Myself personally would rather have the time to care for the patient and worry about the documentation later. In the organizational work role competency, I believe this is the reason I find myself to be an advanced beginner and need for the most improvement. Some ways I have found for improvement in myself and to help advance my career as a professional registered nurse and maintain a competent proficiency level in all categories are to continue my education. In the computer world and advancing technologies there are many classes and different help classes that can assist in the growing knowledge of the computer world.

I would continue my daily use of the computer system and ask questions when I was unsure of where or how to chart something. In the article “Risk assessment in the electronic age: application of the circle of caring model”, it shows how using electronic charting in the mental health field is difficult as the assessment tool is not very accurate. The article goes on to discuss how nurses have helped to change the way the assessment tool functions and helped adapt the new way of charting for the facility. This is an important component to electronic charting, as we the nurses are the ones using the system day in and day out.

Our feedback is what will help the health informatics technicians to change the program and be more realistic in our daily care of the patients. As a professional nurse I have always completed the surveys that come around asking what we like or don’t like about the computer system, or what changes would we make. Some things I understand are in the system a certain way and cannot be changed, but I have seen firsthand things are changed to accommodate the working nurses’ needs of charting. Professional goals Just as health care is changing, my professional goals are ever changing as well.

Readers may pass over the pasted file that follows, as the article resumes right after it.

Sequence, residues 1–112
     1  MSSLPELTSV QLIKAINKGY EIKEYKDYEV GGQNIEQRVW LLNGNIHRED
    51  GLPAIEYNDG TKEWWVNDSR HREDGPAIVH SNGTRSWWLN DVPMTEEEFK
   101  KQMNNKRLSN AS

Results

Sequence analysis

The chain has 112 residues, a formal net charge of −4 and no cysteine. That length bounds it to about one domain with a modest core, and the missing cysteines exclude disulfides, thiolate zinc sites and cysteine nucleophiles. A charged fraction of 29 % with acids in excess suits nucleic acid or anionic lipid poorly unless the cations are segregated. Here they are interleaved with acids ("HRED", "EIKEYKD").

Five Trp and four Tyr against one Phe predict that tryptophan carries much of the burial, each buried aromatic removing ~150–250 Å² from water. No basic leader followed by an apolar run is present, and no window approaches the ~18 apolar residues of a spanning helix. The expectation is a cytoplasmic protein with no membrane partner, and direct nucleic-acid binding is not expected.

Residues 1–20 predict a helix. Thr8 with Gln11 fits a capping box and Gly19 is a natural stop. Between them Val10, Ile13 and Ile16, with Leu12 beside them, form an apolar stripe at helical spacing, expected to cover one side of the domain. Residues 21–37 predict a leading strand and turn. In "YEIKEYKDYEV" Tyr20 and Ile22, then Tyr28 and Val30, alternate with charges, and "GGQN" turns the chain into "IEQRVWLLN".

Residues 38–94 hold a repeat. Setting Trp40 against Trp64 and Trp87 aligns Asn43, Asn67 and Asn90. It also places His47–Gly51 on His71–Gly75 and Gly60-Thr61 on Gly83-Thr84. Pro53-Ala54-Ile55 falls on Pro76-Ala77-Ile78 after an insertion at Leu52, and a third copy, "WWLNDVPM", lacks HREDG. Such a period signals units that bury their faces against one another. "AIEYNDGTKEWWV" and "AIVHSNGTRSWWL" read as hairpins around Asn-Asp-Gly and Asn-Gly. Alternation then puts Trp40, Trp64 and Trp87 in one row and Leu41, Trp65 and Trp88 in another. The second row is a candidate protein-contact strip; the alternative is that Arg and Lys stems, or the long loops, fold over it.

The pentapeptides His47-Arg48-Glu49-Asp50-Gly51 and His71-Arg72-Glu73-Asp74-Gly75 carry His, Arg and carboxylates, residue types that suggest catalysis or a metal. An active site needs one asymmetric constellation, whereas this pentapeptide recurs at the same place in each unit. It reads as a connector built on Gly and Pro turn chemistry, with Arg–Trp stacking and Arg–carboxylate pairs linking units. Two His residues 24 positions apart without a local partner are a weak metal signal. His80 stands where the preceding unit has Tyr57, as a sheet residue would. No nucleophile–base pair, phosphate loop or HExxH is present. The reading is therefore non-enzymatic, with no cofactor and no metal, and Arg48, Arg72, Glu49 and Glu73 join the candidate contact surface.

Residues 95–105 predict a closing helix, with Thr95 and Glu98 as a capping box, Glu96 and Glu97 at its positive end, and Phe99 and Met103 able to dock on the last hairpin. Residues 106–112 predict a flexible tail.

I have the urge to learn. I have the need to acquire as much knowledge as I can and my ultimate goal is to become a nurse practitioner in an emergency room or trauma center. I love the fast pace of the emergency room and with that love and my passion to continue learning I hope this goal is obtainable. The only thing holding me back from this goal is my other goals in life such as family. When you have two young children and another on the way, as much as my love for learning and my drive can push me professionally I have to look at what is best for both professional and family life.